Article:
10. Classic beef sliders
Meatball ShopAddress and Info
Lower East Side
"Let’s make a restaurant that only serves meatballs and meatball subs. Oh, and good wine. And ice cream sandwiches. Yeah, that’s enough.” Five years and five locations later, the Meatball Shop is now a behemoth. What’s its secret? Well, the classic beef sliders for one, but also a re-imagined classic meatball, wherein the resto employs ingredients like mortadella and carrots within the beef ones to extract their inner-most flavors.
11. Everything bagel with Nova lox and scallion cream cheese
Ess-a-BagelAddress and Info
This once-East Village-hub-of-bagels epitomized everything it was to be a New York bagel shop. It didn’t toast anything. Staff told you to get out if you asked for eggs. And yet, it still had an hour-long line. The location in Midtown East is a bit more relaxed and open-minded than the now-closed East Village one, but it still has the best bagels in the city, hands down. Finding a bagel this chewy, this perfectly seasoned, and this satisfying is an exercise in futility, especially when smeared with homemade scallion cream cheese and loaded with the freshest Nova lox.
12. Burnt ends sandwich
Mighty Quinn’s BarbequeAddress and Info
Mighty Quinn’s began with a humble booth at Smorgasburg, asking people: “Do you want a lean piece of brisket or a fatty piece?” Despite its naïve question (always go fatty), the Carolina/Texas mix found its way into the hearts and arteries of New Yorkers that summer of 2012. Since then, it's expanded into a half-dozen locations sprinkled throughout the city, of course bringing along its top-notch burnt ends.
13. Thanksgiving Sandoo
The Cinnamon SnailAddress and Info
Roaming food truck
The food truck that consistently ranks among the best in the city is also the only purely vegan entry on this list. New Yorkers have little patience for anything, especially waiting in long lines in Midtown during a lunch break. Still, the Cinnamon Snail constantly produces lines over an hour long, filled with vegans and non-vegans alike. Their Thanksgiving Sandoo is the perfect explanation for this phenomenon: while so much vegan food attempts to mimic meat, the Sandoo succeeds at surpassing meat. The combination of porcini mushroom-simmered seitan, orange cranberry relish, marinated kale, and rosemary parsnip bread pudding is better than the real post-Turkey Day leftovers.
14. Gaspe Nova smoked salmon, cream cheese, tomatoes, onions, and capers on a bagel
Russ & DaughtersAddress and Info
Lower East Side
Russ & Daughters turned 100 years old in 2014. That means its smoked salmon has been around for longer than the Empire State Building (the idea, not the actual fish). The Jewish grocery shop itself is a proper ambassador of New York quality: unpretentious in its presentation, confident in its product, and fantastic on your taste buds. While Ess-a-Bagel owns the claim to most iconic bagel, no one can rival the overwhelming quality of the Russ & Daughters Gaspe Nova smoked salmon, the pinnacle of smoked seafood in New York City. Piled high on a bagel with all the fixings, it will haunt your dreams.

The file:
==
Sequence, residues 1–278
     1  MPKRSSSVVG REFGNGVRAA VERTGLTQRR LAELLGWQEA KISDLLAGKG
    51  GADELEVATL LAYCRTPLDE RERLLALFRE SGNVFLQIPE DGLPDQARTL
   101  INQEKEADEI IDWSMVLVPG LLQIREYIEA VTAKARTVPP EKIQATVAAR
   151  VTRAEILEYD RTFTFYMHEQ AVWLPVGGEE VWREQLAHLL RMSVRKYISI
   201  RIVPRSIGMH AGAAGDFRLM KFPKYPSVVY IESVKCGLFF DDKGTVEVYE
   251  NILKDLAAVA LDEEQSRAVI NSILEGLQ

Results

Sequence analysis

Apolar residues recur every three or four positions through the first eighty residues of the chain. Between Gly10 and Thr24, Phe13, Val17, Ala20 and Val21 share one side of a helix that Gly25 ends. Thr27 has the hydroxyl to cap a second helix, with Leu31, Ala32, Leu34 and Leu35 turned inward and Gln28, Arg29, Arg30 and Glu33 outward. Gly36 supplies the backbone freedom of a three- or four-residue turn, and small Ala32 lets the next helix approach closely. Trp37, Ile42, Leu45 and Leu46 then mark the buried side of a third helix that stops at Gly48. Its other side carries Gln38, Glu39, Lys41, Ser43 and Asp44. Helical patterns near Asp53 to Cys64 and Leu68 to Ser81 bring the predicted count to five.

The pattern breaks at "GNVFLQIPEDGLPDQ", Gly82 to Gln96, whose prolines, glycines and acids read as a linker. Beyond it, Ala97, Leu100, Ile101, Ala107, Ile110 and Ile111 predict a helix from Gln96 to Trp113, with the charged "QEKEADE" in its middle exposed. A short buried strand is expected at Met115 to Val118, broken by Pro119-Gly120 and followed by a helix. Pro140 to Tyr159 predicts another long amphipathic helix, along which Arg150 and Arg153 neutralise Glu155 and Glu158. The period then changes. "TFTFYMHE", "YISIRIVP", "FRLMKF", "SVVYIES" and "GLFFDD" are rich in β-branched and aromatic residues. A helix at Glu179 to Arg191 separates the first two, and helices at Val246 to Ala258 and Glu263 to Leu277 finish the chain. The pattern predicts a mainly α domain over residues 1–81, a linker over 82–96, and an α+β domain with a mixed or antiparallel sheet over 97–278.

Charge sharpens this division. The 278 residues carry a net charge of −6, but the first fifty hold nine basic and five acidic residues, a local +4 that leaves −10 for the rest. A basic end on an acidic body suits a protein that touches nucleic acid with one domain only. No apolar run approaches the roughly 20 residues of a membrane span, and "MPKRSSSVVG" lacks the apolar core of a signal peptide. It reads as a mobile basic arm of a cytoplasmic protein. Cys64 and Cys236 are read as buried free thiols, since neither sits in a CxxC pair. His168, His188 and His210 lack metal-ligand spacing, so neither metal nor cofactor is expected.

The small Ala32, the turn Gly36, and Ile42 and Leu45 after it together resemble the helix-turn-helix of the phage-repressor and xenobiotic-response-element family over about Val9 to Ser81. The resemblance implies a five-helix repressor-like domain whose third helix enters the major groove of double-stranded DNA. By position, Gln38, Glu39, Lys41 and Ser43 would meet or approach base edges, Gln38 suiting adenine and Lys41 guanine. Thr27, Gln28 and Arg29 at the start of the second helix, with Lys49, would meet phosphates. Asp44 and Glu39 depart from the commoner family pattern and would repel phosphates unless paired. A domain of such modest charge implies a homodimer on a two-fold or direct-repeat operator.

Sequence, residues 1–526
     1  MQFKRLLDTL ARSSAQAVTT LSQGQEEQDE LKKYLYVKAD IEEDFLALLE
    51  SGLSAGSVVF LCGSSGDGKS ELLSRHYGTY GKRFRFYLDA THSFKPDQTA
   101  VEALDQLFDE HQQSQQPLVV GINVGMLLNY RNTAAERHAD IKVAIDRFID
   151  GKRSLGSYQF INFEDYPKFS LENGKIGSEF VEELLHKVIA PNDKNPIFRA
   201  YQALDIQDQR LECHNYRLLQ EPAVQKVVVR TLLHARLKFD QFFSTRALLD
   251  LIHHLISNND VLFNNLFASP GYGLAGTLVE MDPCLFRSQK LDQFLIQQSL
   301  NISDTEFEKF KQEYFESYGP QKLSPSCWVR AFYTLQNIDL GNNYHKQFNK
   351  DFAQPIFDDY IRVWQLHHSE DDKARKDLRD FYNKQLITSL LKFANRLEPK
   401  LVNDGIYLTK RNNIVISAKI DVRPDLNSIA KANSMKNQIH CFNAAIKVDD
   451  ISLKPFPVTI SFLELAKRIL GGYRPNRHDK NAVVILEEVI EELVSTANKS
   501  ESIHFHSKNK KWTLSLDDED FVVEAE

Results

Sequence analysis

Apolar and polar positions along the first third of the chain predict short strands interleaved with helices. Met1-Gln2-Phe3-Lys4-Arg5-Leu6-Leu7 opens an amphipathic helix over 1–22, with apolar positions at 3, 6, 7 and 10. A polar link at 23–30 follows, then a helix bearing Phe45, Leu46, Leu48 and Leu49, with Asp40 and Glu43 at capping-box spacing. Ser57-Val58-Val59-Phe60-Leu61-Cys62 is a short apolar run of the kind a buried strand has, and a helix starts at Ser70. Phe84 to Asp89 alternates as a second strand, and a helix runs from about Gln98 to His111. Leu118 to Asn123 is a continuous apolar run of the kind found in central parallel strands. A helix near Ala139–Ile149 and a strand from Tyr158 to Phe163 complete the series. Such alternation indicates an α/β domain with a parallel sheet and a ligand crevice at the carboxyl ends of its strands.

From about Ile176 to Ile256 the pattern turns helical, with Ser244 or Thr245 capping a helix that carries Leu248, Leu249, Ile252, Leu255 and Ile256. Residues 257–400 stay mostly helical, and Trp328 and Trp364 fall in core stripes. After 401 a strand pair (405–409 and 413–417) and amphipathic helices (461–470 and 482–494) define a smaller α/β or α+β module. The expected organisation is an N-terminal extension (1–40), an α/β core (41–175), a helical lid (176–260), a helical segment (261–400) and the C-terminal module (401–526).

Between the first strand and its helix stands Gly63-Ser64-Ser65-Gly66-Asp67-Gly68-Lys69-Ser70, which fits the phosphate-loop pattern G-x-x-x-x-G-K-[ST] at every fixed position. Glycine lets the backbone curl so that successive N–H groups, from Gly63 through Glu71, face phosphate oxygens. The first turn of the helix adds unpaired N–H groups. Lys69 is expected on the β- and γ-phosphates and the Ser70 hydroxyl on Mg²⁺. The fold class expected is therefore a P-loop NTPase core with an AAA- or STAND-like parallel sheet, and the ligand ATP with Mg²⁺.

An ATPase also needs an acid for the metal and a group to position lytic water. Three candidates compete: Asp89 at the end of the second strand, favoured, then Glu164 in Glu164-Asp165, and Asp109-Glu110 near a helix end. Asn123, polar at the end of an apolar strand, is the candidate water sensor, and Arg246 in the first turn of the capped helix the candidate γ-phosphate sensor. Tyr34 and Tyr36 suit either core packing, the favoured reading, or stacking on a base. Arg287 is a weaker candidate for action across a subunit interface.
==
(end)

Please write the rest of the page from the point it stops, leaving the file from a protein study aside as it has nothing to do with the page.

15. The Pavarotti
AlidoroAddress and Info
Yes, the Pavarotti’s artichoke hearts at Alidoro are to die for, but that’s not why it’s on this list. It’s the attitude. Open only for lunch (or until it runs out of bread), Alidoro’s reputation for not tolerating the company of foolish or picky customers is what many think has kept it in business for nearly 30 years now. Also though: the artichoke hearts.
16. Ale cheddar
Morris Grilled CheeseAddress and Info
Roaming food truck
Like the Cinnamon Snail, Morris Grilled Cheese is always included on the lists of top food trucks in the city. It earns the iconic nod for the flocks of Midtown suits who sit down and consume the gooey, stinky cheese sandwiches (alongside a cup of the spicy tomato bisque), like large children coming home to mom after playing outside all morning.
17. The Pavarotti
Mike’s DeliAddress and Info
While Arthur Ave may be a shadow of its former self, gems like Mike’s are still standing proudly, slinging sandwiches like the Pavarotti. The smoked prosciutto and fresh mozzarella are a solid base, but the Napolitano-style eggplant is what sets it apart, thanks to David Greco’s legendary recipe. Bobby Flay recently attempted to “throwdown” David Greco by challenging his iconic eggplant Parm. Suffice to say, Flay failed.
18. Chicken Parm
Tino’s DelicatessenAddress and Info
The other iconic hallmark of good ol’ Arthur Ave is Tino’s Delicatessen. If Mike’s can lay claim to the perfectly made classic eggplant Parm, then Tino’s can lay claim to the perfectly made classic chicken Parm. It’s amazing what over 50 years of practice can do for a chicken Parm sandwich.
19. The Koreano
FukuAddress and Info